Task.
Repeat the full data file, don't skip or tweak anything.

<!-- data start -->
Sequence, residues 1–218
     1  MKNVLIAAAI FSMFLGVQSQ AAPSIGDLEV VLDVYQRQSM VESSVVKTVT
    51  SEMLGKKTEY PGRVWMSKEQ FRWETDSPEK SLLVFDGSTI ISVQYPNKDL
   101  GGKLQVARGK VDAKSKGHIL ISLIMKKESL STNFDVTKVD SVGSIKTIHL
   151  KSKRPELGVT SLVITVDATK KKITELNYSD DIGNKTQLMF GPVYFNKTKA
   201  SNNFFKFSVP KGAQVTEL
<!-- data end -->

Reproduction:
Sequence, residues 1–218
     1  MKNVLIAAAI FSMFLGVQSQ AAPSIGDLEV VLDVYQRQSM VESSVVKTVT
    51  SEMLGKKTEY PGRVWMSKEQ FRWETDSPEK SLLVFDGSTI ISVQYPNKDL
   101  GGKLQVARGK VDAKSKGHIL ISLIMKKESL STNFDVTKVD SVGSIKTIHL
   151  KSKRPELGVT SLVITVDATK KKITELNYSD DIGNKTQLMF GPVYFNKTKA
   201  SNNFFKFSVP KGAQVTEL